A Soldier's Story: Private Kurt Vonnegut
While attending high school at Shortridge High School he also played clarinet and was a co-editor for the school's newspaper.
After graduation, he enrolled in Cornell University, with a biochemistry major, but by May 1943 he had left school, enlisted in the U.S. Army and trained as a scout.
Sadly, prior to his deployment, his mother committed suicide.
He was assigned to the 106th Infantry Division, during the Battle of the Bulge, his unit was overrun and on December 22, 1944, was taken as a prisoner and sent to a camp outside Dresden. The prisoners worked and lived in an old slaughterhouse, which, when Dresden was firebombed on February 13, 1945, prisoner casualties were light, as they had been forced to work underground in the meat lockers.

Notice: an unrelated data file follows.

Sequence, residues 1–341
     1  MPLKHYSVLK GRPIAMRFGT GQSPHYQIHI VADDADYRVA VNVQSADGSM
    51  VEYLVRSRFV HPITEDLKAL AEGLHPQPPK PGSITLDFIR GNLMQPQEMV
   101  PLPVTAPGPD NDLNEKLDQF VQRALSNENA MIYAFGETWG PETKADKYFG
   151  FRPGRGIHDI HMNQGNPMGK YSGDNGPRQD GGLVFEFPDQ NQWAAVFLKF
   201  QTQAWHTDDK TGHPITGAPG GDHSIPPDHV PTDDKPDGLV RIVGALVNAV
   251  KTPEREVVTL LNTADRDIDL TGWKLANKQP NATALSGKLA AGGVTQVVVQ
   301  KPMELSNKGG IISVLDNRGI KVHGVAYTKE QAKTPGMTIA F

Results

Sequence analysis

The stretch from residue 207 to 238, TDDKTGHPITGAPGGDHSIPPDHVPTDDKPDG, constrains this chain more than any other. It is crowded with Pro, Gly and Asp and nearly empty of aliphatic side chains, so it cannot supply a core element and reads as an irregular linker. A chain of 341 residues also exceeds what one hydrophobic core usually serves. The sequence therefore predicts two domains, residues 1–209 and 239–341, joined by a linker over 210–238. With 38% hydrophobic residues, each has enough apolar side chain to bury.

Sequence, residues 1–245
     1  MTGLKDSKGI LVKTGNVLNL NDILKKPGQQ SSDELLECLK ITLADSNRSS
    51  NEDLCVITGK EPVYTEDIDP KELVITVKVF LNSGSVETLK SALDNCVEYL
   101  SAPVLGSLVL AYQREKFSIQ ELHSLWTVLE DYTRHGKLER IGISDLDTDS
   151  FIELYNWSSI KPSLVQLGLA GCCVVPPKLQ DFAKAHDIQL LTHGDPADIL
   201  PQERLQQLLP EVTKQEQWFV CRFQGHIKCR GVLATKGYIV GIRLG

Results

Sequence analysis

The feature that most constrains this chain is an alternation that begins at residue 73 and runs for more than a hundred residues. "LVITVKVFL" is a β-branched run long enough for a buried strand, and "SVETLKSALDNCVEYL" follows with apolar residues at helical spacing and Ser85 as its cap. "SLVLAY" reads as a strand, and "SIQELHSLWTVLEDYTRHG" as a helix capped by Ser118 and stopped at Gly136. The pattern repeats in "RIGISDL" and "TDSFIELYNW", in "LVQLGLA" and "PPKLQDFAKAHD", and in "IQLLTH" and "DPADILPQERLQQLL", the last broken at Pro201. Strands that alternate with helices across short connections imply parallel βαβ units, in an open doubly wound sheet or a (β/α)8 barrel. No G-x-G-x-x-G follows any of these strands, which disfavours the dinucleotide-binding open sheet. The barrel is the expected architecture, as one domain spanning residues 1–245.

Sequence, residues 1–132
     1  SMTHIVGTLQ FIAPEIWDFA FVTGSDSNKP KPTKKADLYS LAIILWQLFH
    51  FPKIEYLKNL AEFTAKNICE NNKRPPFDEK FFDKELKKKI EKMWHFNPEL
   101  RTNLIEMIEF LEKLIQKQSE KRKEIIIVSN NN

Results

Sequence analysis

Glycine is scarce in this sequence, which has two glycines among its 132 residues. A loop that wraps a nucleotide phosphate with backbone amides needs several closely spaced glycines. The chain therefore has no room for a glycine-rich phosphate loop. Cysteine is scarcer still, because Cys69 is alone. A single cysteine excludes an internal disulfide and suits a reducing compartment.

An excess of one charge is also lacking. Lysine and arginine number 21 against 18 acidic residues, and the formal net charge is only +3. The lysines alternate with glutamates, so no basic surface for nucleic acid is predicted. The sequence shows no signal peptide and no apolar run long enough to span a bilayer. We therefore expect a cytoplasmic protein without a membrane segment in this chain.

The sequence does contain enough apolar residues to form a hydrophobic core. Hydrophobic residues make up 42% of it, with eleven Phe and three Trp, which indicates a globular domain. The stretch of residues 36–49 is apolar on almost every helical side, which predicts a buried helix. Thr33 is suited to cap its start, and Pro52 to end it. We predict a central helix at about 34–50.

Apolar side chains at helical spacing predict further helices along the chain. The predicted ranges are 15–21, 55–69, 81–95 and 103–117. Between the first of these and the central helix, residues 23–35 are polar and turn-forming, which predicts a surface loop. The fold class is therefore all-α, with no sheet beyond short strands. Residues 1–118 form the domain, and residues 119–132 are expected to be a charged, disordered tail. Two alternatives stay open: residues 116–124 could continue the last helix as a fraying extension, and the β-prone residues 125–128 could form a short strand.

Freed by Red Army Troops after General Patton captured Leipzig, he was repatriated and after discharge, took advantage of his GI bill by attending the University of Chicago.
Private Vonnegut worked briefly for GE as a publicist, selling stories on the side until 1951 when he left GE to write full time. His first novel Player Piano was published in 1952.
By 1967 he had won a Guggenheim Fellowship, which he used to travel Europe and revisit Dresden. The 1969 release of Slaughterhouse-Five, taken from his POW experiences launched Private Vonnegut's fame.
Now well known, he toured, giving lectures, and teaching. He was also elected VP of the National Institute of Arts and Letters. He was a strong and vocal anti-war advocate.
He died on April 11, 2007.
Over the course of his life, Private Kurt Vonnegut created 14 novels, three short story collections, five plays, and five non-fiction books. (His short story 2BR02B is a favorite). He was inducted into the Science Fiction and Fantasy Hall of Fame in 2015 and asteroid 25399 is named Vonnegut in his honor.